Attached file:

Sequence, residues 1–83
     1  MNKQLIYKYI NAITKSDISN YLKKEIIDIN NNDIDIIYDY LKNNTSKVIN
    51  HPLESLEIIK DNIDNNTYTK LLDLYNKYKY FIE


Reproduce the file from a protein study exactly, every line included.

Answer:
Sequence, residues 1–83
     1  MNKQLIYKYI NAITKSDISN YLKKEIIDIN NNDIDIIYDY LKNNTSKVIN
    51  HPLESLEIIK DNIDNNTYTK LLDLYNKYKY FIE